For a man that so grandiosely praises himself, Kanye West has also brought a whole buncha people with him to the top – and basically all of them have managed their finances a lot better BADOOM-PSHHH! While the rappers he works with get their moment of spotlight, the producers and artists on the track rarely get as much play as they deserve. His new album The Life of Pablo is Kanye’s most eclectic, off-the-wall, disjointed piece yet, and the producers he brought on deck are some of the best, hard-to-find talent out right now.
Ever the spokespeople of the underground, IHC has compiled this handy guide of the quiet geniuses that helped Mr. West become the massively successful and simultaneously humongous trainwreck of a person he is.
1. Cashmere Cat
Longtime IHC favorite Cashmere Cat is quite literally at this very moment moving up to the big leagues. The Norwegian producer has had a huge two years, producing tracks for R. Kelly, Ty Dolla Sign (or does he go by Ty $? Why you gonna make me type out “dolla sign” and why can’t I use the r?!), and Miguel before Kanye released the Cat co-produced “Wolves” months ago. The song has taken a few different iterations – one with Vic Mensa and Sia, one with Frank Ocean – but all of them have Cat on the track. Keep an eye open, because he’s also slated to be on a Britney Spears track this year.
This is where I’d put a link to “Wolves” for you to listen to – but there are none. Seriously. Try finding one anywhere. So here’s some other Cat:
Venezuelan producer Arca‘s list is short but impressive, going from zero to Kanye in about three minutes. He was all over Yeezus, not only a producer of four different tracks including the v v critically acclaimed “Blood On The Leaves” and the impossibly hard “Send It Up,” but also one of the three production consultants, having a large creative control on the weeeirdest Kanye album ever. Since, he’s worked with IHC heartthrob Kelela and Björk, and we all know that that Björk credit is a one-way ticket to the inner circle.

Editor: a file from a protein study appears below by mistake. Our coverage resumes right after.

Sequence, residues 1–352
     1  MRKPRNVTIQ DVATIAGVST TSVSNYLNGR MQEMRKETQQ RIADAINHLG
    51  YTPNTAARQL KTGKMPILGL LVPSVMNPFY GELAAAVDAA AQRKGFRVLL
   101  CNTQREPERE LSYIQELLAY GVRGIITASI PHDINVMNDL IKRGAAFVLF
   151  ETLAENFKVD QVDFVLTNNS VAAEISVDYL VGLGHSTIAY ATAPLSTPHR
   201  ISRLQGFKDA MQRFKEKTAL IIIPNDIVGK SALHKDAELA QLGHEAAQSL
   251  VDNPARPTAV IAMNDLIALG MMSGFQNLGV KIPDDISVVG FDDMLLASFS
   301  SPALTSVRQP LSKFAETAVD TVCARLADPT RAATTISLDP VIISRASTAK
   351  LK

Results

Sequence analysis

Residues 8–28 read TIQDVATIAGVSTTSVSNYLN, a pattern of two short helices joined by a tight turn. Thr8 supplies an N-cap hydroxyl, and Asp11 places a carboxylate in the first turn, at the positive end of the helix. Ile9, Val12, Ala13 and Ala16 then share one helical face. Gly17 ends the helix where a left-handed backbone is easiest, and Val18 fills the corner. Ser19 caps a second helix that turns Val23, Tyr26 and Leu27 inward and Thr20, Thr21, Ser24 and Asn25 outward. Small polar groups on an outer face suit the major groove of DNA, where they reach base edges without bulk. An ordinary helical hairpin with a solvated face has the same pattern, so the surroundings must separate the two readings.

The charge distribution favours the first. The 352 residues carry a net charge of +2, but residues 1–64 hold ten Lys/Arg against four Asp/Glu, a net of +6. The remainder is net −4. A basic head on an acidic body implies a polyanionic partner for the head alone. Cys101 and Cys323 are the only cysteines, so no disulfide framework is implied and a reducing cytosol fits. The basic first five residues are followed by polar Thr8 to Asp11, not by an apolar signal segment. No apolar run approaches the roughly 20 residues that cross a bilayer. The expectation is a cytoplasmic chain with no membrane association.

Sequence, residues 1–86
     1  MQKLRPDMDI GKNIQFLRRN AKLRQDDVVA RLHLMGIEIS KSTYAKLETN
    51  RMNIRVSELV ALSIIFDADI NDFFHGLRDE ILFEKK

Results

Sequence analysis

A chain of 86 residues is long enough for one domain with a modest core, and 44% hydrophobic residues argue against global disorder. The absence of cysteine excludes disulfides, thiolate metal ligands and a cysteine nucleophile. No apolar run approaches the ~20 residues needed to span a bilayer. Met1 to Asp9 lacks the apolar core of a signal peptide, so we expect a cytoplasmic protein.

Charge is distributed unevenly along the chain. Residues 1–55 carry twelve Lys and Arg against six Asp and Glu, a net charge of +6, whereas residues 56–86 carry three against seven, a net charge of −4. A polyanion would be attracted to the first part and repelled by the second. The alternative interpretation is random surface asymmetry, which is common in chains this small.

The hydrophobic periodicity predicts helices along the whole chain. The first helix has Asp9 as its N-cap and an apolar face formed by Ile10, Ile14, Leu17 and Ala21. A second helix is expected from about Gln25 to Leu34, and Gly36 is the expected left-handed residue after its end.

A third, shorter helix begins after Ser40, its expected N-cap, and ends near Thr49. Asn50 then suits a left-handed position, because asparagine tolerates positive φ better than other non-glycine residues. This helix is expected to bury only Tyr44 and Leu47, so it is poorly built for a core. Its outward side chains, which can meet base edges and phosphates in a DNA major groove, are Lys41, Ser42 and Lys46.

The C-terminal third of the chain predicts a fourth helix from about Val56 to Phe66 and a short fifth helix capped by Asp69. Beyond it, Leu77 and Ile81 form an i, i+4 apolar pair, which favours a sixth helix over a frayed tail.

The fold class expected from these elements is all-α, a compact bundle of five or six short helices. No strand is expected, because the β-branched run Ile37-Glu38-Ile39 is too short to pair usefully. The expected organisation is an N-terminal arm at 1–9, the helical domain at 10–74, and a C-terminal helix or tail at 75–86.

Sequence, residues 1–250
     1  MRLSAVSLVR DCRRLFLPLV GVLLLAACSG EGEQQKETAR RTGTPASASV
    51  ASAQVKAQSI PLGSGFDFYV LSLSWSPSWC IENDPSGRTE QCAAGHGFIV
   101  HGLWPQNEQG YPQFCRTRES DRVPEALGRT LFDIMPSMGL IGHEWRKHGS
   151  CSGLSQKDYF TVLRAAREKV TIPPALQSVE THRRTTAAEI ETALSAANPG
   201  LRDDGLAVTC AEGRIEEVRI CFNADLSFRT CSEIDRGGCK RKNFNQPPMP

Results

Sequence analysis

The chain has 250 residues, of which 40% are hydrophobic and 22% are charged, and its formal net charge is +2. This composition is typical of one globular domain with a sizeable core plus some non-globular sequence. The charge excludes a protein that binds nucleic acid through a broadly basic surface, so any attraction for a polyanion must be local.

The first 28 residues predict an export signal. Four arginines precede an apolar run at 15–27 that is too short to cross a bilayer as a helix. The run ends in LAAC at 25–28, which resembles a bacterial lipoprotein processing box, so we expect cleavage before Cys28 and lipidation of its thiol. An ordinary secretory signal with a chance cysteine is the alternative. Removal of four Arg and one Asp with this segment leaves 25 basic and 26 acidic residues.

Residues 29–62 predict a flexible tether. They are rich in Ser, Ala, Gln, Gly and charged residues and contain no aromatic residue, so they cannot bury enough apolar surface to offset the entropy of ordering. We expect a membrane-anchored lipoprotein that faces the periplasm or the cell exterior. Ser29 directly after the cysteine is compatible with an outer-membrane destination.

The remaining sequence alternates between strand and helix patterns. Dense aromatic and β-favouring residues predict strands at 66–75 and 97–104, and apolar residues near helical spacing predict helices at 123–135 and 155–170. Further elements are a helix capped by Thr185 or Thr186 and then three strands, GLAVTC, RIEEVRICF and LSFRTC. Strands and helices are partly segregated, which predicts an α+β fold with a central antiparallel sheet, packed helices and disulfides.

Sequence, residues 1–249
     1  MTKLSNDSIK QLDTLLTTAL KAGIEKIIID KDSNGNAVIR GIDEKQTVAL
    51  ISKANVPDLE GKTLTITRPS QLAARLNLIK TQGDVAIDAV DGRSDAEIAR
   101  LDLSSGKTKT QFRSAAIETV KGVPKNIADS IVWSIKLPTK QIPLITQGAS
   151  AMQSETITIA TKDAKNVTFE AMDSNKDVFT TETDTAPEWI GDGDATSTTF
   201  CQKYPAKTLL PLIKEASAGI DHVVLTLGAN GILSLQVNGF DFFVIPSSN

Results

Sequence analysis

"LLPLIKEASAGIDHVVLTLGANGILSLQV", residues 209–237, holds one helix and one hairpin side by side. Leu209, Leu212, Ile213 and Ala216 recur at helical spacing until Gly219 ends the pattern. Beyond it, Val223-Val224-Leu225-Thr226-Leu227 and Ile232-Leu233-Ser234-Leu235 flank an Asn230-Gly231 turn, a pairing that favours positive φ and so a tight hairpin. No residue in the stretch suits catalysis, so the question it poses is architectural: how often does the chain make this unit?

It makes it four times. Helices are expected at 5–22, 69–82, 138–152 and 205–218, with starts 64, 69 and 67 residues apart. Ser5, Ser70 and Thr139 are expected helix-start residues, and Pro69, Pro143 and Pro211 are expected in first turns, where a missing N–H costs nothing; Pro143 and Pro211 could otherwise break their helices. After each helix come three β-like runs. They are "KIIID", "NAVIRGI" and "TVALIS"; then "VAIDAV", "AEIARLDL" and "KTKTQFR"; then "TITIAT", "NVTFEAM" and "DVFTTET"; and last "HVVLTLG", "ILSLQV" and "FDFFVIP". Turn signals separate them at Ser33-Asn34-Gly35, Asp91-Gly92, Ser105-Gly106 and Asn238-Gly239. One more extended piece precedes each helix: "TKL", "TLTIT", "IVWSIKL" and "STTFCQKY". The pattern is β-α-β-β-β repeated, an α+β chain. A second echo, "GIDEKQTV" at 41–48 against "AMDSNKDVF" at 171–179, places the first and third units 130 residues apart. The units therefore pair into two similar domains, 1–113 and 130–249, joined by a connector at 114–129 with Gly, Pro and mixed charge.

Hudson Mohawke (not his real name, but oooo-WEE what a name) went from far-corner-of-the-internet cult sensation to deeply ingrained in the public’s ears when he produced “Mercy,” which was played every minute on the minute for about 8 months straight. He was suddenly all over the G.O.O.D. album Cruel Summer, stayed around for Yeezus, and was on four different TLOP tracks, including the controversial ~ahh Taylor Swift!~ “Famous,” where the world learned that even after a twelve years, we still act surprised when Kanye does something offensive.
DJ Dodger Stadium – but what city are they from? – or DJDS are actually the duo of Samo Soundboy and Jerome LOL, because who needs grammatical accuracy anymore. In a genuinely inspiring story told best by the LA Times, DJDS were called in from obscurity for a little bit of creative input, and left after having five songs on TLOP including that hot fire “Ultralight Beam,” being used as inspiration to refresh Kanye’s sampling. After being at ground zero during those tumultuous 48 hours leading up to the release – I’m just wondering why they didn’t keep Kanye off Twitter.
In an interview with Billboard, Jerome LOL cited Kanye as one of their biggest inspiration, and mentioned though while it was nerve-wracking to work with him, “He’s really focused on creative energy. Everything was about creative and positive energy. It was really a presence to be around. We felt like we really understood where the project was coming from and the passion that was surrounding it.”
5. Evian Christ
You can thank Christ (yup, I did it) for what is the scariest beat on the already pretty scary Yeezus: “I”m in it.” Like, that’s a terrifying album – I get it, “art” and all that, but that shit is very scary sounding. And “I’m In It” has that super spooky porno sample too, the whole track sounds like devil sex in a cave. After the production assist on Yeezus Kanye ended up signing Evian Christ to his publishing house DONDA, and I’m not sure what a publishing house is, but that’s cool.
Twenty year-old Mitus seems to have skipped the whole “amateur” phase, going from nothing to producing Rihanna and Kanye overnight, and his beats are gothic in the leather-clad dom way only those two artists can be (you know exactly what I’m talking about). He’s behind BGRR’s (…bad girl ri ri) “Goodnight Gotham” and has teased an upcoming track “The Deep End” while making the very, very sad Weeknd featured “FML” for TLOP. Forgive the excessive acronyms.